lived in Birmingham for twenty-five years. His stories have been
broadcast on BBC Radio 4 and in many literary magazines and
anthologies in England and the USA. His previous collection Taking
Doreen Out Of The Sky (Picador) was widely praised.
You Don't Have to Say
(Tindal Street Press, 2010)
by Mark Staniforth
Taking Doreen Out of the Sky
with Alan Beard
How long did it take you to write all the stories in your collection?
Alan Beard: Thirteen years since my
first collection (Taking Doreen out of the Sky), and that took twelve
years to complete. I'm just a slow writer - a story a year is my
average - due to several reasons: family, full time job, stuff going
on, laziness. I hope to spend more time on writing when I retire
(only another nine years to go) or hopefully go part time before
then. Maybe when my kids leave home (imminently), the house will feel
more "writer friendly" (quieter) and I'll get more done. But, maybe,
I'm just slow.
have a collection in mind when you were writing them?
AB: Not really, I just do
one story at a time (occasionally two will be happening), and hope to
make it work, make it sing, that's it. Then I send it off and wait
for the rejections. (I started a rejection blog on my website so I
could have the last word).Of course, when I have enough successful
pieces (170 pages in my mind, but Tindal St Press wanted over
200) I start to think about getting them published as a collection.
you choose which stories to include and in what order?
Well most of the ones I've completed are in there. The only exceptions
are my shorter pieces, or flash fictions (under 1000 words). Originally
I submitted my manuscript with the larger stories interleaved with
flashes but my editor at TSP felt they didn't make a good fit, so asked
me to write two longer pieces and lose the flashes (all except one - Little Chef,
which did fit with the rest he felt). That delayed the book a year or
so. I hope to collect all my "flashes" together one day in another
book, if anyone will publish it, but still need to add a few yet.
As for order I tried to arrange it so the stories in the
second half of the book mirror or echo or move on from the stories in
the first half. For example at the end of Above the Shop a disillusioned wife is about to take off with a smoker she meets outside a pub, and in One for the Album
(in the second half of the book) that's the starting point for the
story. Also there are stories that are paired in my mind because of
setting, like the two office set ones (Backing Up and Staff Development),
there's a salesman (the same one I mean) that appears in two stories,
and one that has a wife leaving, in another a wife comes back.. the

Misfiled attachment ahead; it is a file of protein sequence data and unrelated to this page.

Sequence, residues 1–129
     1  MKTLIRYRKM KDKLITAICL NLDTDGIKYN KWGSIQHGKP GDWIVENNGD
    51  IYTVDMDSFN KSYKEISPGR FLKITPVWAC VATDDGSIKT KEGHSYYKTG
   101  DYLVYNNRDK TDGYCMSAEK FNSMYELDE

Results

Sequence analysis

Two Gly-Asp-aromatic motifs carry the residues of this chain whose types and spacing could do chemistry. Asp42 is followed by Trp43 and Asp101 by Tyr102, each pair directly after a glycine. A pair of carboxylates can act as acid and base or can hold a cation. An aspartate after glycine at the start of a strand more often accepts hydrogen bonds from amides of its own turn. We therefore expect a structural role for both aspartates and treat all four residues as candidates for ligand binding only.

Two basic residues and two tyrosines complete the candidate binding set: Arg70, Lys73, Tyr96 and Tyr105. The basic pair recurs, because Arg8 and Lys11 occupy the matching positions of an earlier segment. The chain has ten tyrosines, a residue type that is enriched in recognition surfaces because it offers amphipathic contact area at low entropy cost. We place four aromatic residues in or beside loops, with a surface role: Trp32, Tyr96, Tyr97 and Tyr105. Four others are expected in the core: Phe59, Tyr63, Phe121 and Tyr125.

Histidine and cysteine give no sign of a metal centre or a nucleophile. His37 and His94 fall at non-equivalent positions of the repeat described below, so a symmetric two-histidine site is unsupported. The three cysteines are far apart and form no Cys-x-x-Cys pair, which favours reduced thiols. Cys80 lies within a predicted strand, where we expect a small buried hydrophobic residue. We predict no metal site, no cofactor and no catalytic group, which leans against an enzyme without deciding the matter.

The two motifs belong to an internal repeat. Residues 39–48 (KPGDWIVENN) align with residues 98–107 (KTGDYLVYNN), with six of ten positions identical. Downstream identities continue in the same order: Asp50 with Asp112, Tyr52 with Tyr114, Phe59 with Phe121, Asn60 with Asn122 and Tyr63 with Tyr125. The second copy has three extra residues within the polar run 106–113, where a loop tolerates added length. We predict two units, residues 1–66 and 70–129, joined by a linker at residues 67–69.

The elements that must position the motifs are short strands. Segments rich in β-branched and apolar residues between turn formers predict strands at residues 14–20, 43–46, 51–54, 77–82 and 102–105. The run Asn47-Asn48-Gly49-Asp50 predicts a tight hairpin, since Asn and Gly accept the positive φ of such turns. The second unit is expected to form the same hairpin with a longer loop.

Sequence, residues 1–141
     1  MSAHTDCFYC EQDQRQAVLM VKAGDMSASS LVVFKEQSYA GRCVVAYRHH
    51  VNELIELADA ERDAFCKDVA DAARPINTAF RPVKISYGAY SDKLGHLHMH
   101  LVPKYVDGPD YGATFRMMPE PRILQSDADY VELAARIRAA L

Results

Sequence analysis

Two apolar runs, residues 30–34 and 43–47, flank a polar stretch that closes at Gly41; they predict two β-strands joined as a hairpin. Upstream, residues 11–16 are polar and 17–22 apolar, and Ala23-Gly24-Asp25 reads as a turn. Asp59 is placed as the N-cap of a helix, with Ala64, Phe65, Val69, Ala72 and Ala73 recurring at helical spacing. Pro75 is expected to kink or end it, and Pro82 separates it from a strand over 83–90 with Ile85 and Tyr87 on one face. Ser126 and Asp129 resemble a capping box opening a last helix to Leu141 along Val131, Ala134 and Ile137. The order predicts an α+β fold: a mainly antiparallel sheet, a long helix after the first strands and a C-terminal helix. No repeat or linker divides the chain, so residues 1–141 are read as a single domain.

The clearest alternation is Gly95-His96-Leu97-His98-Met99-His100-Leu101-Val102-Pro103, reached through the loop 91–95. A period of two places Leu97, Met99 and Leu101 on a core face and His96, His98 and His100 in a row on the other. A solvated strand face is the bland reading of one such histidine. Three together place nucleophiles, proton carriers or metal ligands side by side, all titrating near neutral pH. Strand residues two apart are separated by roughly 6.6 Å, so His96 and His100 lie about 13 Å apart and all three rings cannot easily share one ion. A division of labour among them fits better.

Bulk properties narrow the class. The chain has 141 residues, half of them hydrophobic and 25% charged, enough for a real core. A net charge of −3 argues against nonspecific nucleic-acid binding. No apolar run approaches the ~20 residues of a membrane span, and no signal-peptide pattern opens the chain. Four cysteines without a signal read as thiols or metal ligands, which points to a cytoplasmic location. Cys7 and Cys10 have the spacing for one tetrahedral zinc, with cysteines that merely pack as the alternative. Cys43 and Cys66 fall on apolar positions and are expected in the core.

reader doesn't need to know or get these connections, but they are
quite satisfying for me, and the order reflects my way of thinking
about them as a collection. However they can be read in any order. I
don't read collections in order, unless I've been told it is wise to do
so, eg Winesburg, Ohio or the one I've just finished (Alan Heathcock's Volt
which gains from reading in order because the same characters appear
throughout and you take with you knowledge of them from previous
does the word "story"
mean to you?
I treat stories like
songs. They have to "sing" to me. Of course you get good and bad
songs. Often my stories have soundtracks which sometimes come out in
the words and sometimes are known just to me.
Do you have a reader in mind when you write stories?
No, I'm just trying to
please me, to make the story the best it could be, as a story, as I
see it. I just hope readers will agree. I do tens of drafts of
stories trying to get it right, but I also belong to a writer's group
( a very successful one with a Booker longlistee and several
accomplished novelists and short story writers) which helps me get a
reader's perspective on the story, but this is a kind of endgame and
although I will make changes and re-edit, the essential writing of
the story is all about me being happy/satisfied with it.
anything you'd like to ask someone who has read your collection, anything at all?
AB: I was going to say
something like "which bits work, which don't" but I asked my 19 year
old daughter as she was passing through the room and she said "How
shit am I on a scale of one to ten?" - so I'll stick with that.
TSR: How does
it feel knowing that people are buying your book?
AB: Exciting and scary. You
do expose yourself when you write, so you have to be tough enough for
What are you working on now?
I'm not. I hope to be
soon though. I don't feel right unless I've got a story on the
go. Maybe I'll go for that collection of flash fiction next.
the three most recent short story collections you've read?
I read stories all the time, not only collections but magazines (online
and print) and stuff from my writer's group. I am currently reading two
collections: Joel Lane's 'The Terrible Changes' (he's in my writer's
group) and 'Best British Short Stories 2011' (I'm in it - very pleased
to be - and was sent a proof copy so I've been able to read them all
before they come out). The last three I finished were Alan Heathcock's Volt (brought to my attention by The Short Review), Vanessa Gebbie's Words from a Glass Bubble and Polly Samson's Perfect Lives.